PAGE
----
I read The Nightingale in one sitting, completely transported to wartime France, completely forgetting where I was. A historical novel—built on Kristin Hannah's proven skill with story, complex and enduring family ties, and passion—one that will captivate readers.

Kirkus
Hannah's proven storytelling skills are ideally suited to depicting such cataclysmic events, but her tendency to sentimentalize undermines the gravitas of this tale. Still, a respectful and absorbing page-turner.

Library Journal
Readers who enjoy stories with ethical dilemmas and character-driven narratives will enjoy this novel full of emotion and heart.

Author Blurb Christina Baker Kline, #1 New York Times bestselling author of Orphan Train
In this epic novel, set in France in World War II, two sisters who live in a small village find themselves estranged when they disagree about the imminent threat of occupation. Separated by principles and temperament, each must find her own way forward as she faces moral questions and life-or-death choices. Haunting, action-packed, and compelling.

Author Blurb Dr. Miriam Klein Kassenoff, Director of the University of Miami Holocaust Teacher Institute
I found The Nightingale absolutely riveting! I started reading it one night after supper with every intention of reading just a few chapters for that evening and could not put it down. Not only is it an emotionally inspiring story with well-drawn characters whom you grow to care about deeply, but it is also historically informative … Read this book. It will keep you guessing throughout about the two sisters, Vianne and Isabelle, both brave young women who did what they thought was the right thing to do in the most of difficult circumstances. They had—in the words of Lawrence Langer the WW2 historian scholar—too often to make 'choiceless choices.'

Author Blurb Lisa See, author of Snow Flower and the Secret Fan
I loved Kristin Hannah's The Nightingale. She has captured a particular slice of French life during World War II with wonderful details and drama. But what I loved most about the novel was the relationship between the two sisters and Hannah's exploration of what we do in moments of great challenge. Do we rise to the occasion or fail? Are we heroes or cowards? Are we loyal to the people we love most or do we betray them? Hannah explores these questions with probing finesse and great heart.

Author Blurb Sara Gruen, #1 New York Times bestselling author of Water for Elephants
A beautifully written and richly evocative examination of life, love, and the ravages of war, and the different ways people react to unthinkable situations—not to mention the terrible and mounting toll of keeping secrets. This powerhouse of a story is equally packed with action and emotion, and is sure to be another major hit.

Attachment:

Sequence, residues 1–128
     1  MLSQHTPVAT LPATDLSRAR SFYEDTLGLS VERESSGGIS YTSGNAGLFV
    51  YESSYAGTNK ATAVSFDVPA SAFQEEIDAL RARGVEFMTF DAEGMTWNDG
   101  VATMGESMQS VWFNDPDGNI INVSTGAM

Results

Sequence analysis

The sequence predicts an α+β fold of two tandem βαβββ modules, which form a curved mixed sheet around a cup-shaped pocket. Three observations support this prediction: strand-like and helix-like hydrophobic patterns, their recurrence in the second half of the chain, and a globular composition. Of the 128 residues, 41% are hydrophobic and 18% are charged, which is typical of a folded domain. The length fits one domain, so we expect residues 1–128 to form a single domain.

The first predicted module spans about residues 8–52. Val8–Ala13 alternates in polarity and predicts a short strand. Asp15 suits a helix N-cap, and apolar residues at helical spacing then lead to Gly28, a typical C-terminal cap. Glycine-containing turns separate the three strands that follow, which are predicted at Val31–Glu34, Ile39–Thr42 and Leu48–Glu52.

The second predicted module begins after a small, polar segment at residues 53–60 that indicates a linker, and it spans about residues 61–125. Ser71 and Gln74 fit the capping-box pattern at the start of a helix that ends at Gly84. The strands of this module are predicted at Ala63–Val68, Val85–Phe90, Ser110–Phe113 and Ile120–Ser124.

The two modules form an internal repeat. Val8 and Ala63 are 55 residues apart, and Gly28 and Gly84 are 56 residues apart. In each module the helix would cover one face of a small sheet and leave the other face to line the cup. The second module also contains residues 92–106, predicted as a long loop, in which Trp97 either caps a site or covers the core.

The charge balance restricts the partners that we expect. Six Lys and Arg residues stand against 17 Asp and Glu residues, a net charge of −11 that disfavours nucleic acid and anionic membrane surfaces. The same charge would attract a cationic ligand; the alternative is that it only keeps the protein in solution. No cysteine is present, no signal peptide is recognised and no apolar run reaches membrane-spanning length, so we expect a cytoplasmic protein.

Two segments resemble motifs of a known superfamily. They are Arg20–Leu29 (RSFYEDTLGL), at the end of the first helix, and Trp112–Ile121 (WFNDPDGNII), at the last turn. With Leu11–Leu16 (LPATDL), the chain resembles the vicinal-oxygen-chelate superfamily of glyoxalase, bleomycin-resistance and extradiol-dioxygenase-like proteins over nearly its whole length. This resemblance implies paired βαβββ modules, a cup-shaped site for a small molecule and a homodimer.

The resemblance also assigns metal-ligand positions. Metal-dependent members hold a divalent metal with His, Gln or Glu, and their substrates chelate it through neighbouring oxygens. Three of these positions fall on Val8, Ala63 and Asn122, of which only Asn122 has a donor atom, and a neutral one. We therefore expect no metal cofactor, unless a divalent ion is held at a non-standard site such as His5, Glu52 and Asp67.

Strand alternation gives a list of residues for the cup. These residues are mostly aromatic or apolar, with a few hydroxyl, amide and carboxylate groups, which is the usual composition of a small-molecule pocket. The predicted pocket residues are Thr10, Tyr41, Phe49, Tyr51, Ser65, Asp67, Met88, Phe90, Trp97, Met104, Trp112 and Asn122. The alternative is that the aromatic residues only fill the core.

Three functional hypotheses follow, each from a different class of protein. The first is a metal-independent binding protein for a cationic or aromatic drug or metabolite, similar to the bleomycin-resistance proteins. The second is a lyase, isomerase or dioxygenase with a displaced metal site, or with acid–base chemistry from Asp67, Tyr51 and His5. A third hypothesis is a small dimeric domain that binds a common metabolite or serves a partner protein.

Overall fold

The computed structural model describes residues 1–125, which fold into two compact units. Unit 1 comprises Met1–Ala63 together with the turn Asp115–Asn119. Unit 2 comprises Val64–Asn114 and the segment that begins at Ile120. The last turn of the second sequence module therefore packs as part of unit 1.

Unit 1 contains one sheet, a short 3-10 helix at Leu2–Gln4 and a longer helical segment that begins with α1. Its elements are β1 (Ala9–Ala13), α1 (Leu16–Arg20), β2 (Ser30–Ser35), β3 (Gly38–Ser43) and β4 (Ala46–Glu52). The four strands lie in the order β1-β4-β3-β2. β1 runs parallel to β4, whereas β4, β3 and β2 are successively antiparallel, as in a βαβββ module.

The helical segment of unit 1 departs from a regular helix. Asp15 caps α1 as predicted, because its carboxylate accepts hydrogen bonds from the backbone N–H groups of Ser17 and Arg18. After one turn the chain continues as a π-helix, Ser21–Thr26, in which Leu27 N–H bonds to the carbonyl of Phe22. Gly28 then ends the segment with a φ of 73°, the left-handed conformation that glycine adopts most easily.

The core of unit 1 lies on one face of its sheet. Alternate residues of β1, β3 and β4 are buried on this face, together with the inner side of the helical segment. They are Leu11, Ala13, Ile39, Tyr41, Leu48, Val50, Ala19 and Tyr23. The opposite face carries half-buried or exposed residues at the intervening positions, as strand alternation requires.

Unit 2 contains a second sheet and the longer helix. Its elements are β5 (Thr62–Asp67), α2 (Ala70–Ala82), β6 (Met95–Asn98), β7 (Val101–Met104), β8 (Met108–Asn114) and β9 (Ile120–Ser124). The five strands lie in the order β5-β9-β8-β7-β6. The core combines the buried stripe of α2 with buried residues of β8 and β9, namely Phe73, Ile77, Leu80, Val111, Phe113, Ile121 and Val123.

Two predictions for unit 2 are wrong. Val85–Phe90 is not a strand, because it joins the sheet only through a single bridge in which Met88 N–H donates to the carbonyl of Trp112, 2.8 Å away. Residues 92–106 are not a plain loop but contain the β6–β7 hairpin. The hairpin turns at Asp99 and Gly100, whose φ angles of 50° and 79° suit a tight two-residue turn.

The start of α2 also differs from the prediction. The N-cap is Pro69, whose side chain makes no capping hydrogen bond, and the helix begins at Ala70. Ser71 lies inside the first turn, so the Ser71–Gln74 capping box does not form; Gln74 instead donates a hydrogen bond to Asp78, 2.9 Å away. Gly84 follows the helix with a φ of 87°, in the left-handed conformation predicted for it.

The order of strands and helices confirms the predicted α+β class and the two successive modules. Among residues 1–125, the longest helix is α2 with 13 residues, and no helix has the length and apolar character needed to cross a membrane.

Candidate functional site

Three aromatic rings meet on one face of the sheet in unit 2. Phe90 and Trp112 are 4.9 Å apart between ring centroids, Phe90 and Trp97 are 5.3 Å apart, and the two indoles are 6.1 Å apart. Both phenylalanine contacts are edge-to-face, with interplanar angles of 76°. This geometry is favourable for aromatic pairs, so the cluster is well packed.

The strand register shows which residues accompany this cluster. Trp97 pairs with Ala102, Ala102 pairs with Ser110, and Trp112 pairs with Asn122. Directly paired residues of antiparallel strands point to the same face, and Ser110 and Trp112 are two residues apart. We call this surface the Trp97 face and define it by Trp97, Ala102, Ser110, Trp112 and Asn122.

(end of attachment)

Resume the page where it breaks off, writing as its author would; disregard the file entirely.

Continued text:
Reader Reviews

Loona

The Nightingale
From west, We are all common to stories about men who served at the front during World War II , but in this book, we'll get to know about the battles women had to face every day to protect their children and family. Vianne Mauriac is a school ...   Read More
Techeditor

You don’t want to miss this book
Although I was pretty sure I would disagree with the majority of other readers who said that THE NIGHTINGALE by Kristin Hannah is an excellent book, I can now honestly tell you to believe it. I had read two other books by Hannah and was not impressed...   Read More
JJB

Great Read about WWII in France
Excellent book. Highly recommend!
K.McBride

The Best Book I Have Ever Read
I used to teach high school English, so I have read more than my share of novels. I used to read them and make AR tests so the kids would have books to read that they liked. I preferred mysteries but could not help but read a novel with so many star...   Read More

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Beyond the Book

The Round-up at Vélodrome d'Hiver

In the early morning hours of July 16, 1942, the French police took Jews living in Paris into custody. In the two days that followed, over 13,000 Jews were arrested – 4000 of those were children – in what became the biggest arrest in France during World War II. Seven thousand of these people were taken to the Vélodrome d'Hiver, a bicycle velodrome and sports stadium, to await deportation to Nazi death camps.

Jewish WomenThe Vichy French government (established in 1940 after Germany occupied France) worked closely with Germany in order to maintain even a modicum of sovereignty. And on September 21, 1940, a German ordinance forced Jews in the occupied zone to register their religion. And so, in 1942, when Germany exerted pressure on ...

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Read-Alikes